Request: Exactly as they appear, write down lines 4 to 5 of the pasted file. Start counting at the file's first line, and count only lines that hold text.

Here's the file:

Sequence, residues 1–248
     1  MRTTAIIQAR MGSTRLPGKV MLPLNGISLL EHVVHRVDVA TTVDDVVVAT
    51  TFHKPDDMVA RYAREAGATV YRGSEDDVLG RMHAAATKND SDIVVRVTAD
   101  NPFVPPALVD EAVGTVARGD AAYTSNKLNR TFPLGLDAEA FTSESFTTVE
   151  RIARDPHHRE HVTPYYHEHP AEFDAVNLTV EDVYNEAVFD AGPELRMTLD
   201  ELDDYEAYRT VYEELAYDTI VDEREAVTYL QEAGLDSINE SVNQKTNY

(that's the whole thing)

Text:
   101  NPFVPPALVD EAVGTVARGD AAYTSNKLNR TFPLGLDAEA FTSESFTTVE
   151  RIARDPHHRE HVTPYYHEHP AEFDAVNLTV EDVYNEAVFD AGPELRMTLD